Academic Integrity & Plagiarism

Plagiarism is presenting another person's work or ideas as your own. Plagiarism is a serious breach of ethics at UNSW and is not taken lightly. So how do you avoid it?

Avoiding plagiarism

Watch this one minute video for an overview of how you can avoid plagiarism.

UNSW's approach to promoting academic integrity

UNSW has an ongoing commitment to foster a culture of learning informed by academic integrity. The university is committed to the core values of academic integrity: honesty, responsibility, trustworthiness, respect and fairness and to producing scholars who adhere to these values. The UNSW Student Code (PDF) states that all students have an obligation to act with integrity in academic work, and to ensure that all academic work is conducted ethically and safely.  Plagiarism undermines academic integrity and is not tolerated at UNSW.

The Plagiarism Policy Statement (PDF) defines how plagiarism is understood at the university and these definitions are to be used as the sole source for all educational material on plagiarism. Managing Plagiarism for Students Enrolled in Coursework Programs (PDF) sets out UNSW procedures for determining and responding to allegations of plagiarism.

Examples of plagiarism

At UNSW plagiarism is using the words or ideas of others and passing them off as your own. Examples of plagiarism, including self-plagiarism, are:

CopyingUsing the same or very similar words to the original text or idea without acknowledging the source or using quotation marks. This includes copying materials, ideas or concepts from a book, article, report or other written document, presentation, composition, artwork, design, drawing, circuitry, computer program or software, website, internet, other electronic resource, or another person's assignment, without appropriate acknowledgement.
Inappropriate paraphrasing

Changing a few words and phrases while mostly retaining the original structure and/or progression of ideas of the original, and information without acknowledgement.

This also applies in presentations where someone paraphrases another’s ideas or words without credit and to piecing together quotes and paraphrases into a new whole, without appropriate referencing.

Collusion

Presenting work as independent work when it has been produced in whole or part in collusion with other people. Collusion includes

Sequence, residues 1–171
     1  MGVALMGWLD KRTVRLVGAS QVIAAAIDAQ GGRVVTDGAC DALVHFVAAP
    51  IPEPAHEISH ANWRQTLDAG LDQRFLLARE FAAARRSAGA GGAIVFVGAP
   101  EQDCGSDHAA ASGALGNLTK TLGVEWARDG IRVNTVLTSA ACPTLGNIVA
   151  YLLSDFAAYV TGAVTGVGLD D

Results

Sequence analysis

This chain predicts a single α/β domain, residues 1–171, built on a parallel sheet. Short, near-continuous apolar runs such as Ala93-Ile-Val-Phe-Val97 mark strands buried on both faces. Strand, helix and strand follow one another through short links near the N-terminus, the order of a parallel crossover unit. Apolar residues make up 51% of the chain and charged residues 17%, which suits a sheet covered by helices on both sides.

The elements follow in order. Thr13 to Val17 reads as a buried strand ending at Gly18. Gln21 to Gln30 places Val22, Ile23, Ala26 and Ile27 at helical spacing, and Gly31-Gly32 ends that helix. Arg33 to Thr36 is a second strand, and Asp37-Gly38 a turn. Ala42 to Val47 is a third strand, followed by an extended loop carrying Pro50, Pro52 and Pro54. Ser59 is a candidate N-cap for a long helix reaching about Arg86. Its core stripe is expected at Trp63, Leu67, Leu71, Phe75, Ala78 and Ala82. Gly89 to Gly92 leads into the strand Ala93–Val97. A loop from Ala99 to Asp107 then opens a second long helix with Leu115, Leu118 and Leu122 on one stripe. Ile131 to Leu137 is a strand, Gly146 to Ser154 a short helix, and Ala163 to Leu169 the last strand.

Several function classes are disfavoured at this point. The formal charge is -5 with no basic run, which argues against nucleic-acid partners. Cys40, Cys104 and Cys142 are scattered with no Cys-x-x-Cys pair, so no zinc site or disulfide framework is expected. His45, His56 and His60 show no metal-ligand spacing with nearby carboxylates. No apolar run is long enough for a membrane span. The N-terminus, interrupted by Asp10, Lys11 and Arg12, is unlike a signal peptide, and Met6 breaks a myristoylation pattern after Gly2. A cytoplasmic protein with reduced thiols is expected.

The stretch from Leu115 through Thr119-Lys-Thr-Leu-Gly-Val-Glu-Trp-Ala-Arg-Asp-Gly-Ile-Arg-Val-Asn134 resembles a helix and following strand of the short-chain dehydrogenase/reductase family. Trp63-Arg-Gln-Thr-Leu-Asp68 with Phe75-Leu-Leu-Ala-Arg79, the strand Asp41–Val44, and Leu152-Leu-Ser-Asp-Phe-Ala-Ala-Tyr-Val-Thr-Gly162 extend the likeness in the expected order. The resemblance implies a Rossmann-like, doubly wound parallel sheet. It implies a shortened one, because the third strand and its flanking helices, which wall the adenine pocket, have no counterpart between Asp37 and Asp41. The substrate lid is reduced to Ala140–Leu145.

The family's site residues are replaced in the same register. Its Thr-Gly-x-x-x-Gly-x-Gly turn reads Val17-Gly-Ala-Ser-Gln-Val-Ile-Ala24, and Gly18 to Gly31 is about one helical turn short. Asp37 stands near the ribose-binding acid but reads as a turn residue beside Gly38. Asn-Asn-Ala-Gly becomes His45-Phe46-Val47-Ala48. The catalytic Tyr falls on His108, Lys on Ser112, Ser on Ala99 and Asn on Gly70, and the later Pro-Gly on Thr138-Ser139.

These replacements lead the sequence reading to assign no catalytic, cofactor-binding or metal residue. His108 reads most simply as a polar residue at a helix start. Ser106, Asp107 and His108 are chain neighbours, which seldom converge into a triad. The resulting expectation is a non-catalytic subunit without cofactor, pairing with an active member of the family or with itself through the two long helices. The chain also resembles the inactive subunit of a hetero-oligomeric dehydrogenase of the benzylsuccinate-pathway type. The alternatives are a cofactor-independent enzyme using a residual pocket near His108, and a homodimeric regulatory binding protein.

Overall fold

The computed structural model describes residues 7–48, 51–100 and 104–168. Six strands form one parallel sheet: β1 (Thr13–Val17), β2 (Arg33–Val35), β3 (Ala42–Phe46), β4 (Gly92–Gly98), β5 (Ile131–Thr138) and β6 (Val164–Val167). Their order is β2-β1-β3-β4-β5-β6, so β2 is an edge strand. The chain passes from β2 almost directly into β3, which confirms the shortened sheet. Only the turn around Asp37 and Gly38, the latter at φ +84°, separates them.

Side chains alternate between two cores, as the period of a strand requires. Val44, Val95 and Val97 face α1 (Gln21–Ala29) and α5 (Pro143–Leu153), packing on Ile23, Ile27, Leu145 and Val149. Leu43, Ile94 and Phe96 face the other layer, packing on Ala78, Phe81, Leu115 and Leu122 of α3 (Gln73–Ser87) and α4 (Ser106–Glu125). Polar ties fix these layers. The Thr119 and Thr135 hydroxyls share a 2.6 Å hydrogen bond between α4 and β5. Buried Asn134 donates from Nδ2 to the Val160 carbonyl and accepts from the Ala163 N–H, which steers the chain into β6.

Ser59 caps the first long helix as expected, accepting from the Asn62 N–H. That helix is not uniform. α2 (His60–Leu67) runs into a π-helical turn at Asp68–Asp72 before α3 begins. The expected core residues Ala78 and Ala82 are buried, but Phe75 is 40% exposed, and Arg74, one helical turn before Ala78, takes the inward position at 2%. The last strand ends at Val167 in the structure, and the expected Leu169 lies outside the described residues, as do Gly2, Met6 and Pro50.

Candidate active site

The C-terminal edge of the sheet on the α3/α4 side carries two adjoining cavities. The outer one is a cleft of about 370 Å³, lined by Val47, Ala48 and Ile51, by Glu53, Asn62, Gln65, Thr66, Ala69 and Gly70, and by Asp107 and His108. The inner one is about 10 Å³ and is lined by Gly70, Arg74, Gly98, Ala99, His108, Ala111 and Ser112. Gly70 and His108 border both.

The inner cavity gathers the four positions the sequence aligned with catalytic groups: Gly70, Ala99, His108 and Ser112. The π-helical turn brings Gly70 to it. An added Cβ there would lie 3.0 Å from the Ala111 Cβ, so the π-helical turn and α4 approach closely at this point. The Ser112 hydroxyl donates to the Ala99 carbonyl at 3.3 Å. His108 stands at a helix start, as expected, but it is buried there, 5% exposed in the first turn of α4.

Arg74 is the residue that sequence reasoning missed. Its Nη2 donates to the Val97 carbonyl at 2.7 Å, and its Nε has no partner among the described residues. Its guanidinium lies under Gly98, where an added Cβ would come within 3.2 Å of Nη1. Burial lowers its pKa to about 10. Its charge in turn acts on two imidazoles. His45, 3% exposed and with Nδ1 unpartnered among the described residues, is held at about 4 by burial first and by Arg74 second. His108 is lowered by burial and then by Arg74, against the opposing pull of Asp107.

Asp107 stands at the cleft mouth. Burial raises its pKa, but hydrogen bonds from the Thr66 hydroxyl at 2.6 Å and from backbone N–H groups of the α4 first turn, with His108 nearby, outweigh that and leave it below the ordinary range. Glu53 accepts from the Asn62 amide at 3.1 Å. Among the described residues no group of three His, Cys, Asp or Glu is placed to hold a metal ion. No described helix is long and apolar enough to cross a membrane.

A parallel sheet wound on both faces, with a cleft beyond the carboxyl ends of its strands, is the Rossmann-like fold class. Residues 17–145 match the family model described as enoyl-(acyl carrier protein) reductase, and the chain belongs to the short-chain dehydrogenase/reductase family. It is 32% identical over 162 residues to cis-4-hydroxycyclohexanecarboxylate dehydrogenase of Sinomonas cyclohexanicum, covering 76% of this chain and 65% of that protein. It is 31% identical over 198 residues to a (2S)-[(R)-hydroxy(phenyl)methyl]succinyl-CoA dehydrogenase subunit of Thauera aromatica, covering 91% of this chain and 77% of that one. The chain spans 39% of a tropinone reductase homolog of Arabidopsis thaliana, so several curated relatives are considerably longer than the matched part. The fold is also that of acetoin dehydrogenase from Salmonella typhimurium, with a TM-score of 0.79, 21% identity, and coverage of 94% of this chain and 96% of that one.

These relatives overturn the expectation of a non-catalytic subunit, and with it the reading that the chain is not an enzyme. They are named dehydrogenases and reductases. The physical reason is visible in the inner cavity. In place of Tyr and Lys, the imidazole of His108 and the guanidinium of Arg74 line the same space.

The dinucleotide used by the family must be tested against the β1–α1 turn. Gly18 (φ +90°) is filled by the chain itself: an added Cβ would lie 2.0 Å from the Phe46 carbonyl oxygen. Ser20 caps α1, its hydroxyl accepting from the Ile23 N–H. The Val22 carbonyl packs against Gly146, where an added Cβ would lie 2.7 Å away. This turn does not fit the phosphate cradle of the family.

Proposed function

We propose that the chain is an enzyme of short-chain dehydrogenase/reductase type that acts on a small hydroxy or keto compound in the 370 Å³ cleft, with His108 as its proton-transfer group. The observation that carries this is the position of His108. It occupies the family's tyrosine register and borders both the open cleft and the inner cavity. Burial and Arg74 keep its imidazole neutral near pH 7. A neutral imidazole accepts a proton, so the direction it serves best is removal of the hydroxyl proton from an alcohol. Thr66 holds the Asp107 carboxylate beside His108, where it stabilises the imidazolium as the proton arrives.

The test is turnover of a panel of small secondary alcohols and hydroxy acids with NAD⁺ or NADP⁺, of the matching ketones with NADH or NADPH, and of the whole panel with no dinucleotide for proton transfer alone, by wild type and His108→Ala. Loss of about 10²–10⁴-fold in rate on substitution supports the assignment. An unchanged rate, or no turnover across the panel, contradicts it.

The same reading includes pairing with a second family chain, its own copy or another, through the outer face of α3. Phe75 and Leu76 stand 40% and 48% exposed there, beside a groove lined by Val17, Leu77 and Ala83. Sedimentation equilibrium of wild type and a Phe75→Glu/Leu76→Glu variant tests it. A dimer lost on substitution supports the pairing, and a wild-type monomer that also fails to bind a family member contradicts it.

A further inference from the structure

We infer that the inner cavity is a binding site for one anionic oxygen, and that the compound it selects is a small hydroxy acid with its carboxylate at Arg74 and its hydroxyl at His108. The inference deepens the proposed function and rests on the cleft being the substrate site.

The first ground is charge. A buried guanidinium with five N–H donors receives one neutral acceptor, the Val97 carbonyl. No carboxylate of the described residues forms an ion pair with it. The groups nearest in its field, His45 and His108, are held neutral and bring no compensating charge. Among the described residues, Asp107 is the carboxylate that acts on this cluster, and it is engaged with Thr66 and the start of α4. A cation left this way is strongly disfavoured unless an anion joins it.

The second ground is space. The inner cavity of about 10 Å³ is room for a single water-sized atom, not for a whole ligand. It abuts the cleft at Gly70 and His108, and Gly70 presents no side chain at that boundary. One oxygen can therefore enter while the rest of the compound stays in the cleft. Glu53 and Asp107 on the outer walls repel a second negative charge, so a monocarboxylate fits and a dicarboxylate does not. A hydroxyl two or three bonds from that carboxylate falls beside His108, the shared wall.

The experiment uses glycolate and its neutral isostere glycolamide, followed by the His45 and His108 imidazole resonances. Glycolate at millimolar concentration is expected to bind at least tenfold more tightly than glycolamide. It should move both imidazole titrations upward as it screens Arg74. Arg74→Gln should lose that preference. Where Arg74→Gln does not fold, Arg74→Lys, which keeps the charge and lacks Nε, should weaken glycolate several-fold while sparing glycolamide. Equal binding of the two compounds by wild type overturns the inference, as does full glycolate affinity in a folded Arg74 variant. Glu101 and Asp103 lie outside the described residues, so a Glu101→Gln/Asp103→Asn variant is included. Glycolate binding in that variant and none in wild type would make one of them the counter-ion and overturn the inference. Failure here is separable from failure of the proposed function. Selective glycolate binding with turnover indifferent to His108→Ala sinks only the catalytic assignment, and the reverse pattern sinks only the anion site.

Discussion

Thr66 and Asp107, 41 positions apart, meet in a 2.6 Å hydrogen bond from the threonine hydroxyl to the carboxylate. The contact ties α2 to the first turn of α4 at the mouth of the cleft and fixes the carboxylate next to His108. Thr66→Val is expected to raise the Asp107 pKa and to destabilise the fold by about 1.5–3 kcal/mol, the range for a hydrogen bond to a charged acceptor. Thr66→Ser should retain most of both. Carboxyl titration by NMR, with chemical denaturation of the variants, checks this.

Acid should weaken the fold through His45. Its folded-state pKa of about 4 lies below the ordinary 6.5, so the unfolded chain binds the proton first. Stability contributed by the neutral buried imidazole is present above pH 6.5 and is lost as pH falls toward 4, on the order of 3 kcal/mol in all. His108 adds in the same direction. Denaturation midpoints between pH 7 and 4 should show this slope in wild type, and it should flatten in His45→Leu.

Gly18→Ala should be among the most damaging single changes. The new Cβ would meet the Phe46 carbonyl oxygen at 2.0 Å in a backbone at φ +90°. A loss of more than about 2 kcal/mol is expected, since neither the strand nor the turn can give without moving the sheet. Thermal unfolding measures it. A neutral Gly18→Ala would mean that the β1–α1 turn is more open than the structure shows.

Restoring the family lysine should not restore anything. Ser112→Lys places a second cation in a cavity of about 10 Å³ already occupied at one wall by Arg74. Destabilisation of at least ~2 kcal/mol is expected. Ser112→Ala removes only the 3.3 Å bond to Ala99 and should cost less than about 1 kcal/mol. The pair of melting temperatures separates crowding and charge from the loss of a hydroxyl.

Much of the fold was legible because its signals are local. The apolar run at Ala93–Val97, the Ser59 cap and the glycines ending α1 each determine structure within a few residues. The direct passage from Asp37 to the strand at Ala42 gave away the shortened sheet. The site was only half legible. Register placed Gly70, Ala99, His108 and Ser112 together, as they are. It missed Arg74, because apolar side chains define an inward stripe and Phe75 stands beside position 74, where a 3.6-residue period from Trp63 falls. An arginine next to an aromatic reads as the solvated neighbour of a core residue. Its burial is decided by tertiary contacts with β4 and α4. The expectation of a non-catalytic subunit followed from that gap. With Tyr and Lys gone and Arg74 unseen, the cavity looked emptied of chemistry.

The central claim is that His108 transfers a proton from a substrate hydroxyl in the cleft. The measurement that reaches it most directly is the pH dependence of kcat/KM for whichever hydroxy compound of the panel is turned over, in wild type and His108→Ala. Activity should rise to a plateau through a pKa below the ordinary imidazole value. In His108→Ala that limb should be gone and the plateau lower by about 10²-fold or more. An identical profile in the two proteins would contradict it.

• students providing their work to another student before the due date, or for the purpose of them plagiarising at any time
  • paying another person to perform an academic task and passing it off as your own
  • stealing or acquiring another person’s academic work and copying it
  • offering to complete another person’s work or seeking payment for completing academic work.

This should not be confused with academic collaboration.

Inappropriate citationCiting sources which have not been read, without acknowledging the 'secondary' source from which knowledge of them has been obtained.
Self-plagiarism

'Self-plagiarism' occurs where a student republishes their own previously written work and presents it as new findings without referencing the earlier work, either in its entirety or partially.

Self-plagiarism is also referred to as 'recycling', 'duplication', or 'multiple submissions of research findings' without disclosure. Self-plagiarism includes re-using parts of, or all of, a body of work that has already been submitted for assessment without proper citation.

UNSW students can use the collection of resources on this site (worked examples, activities and links) to understand academic integrity, improve their academic skills and, consequently, reduce the possibilities for plagiarism.

UNSW staff can refer students to these pages and keep informed on current advice on assisting students to work within an academic integrity framework and avoid plagiarism.

Three steps to learning about plagiarism

Many students who plagiarise do so unintentionally, often because they don't have the academic skills to avoid over-reliance on the work of others or because they aren't sure what constitutes plagiarism. If they develop their academic skills, the chances of plagiarism will be reduced.

Step 1: Know what plagiarism is

Plagiarism is taking the ideas or words of others and passing them off as your own. Plagiarism is a type of intellectual theft. 

Step 2: Know how plagiarism happens

Make sure as a UNSW student you are aware of how plagiarism is defined. The common types of plagiarism.are listed here.

Step 3: Develop effective academic skills

Most students who plagiarise do so unintentionally, usually because they don't have the skills to avoid over-reliance on the work of others or because they aren't sure what constitutes plagiarism. UNSW students have many opportunities to develop their academic skills..

On this site, there are resources on avoiding plagiarism and how to be organised, so students can develop good academic practice, as well as a list of other resources and links.

Related tags: Academic skills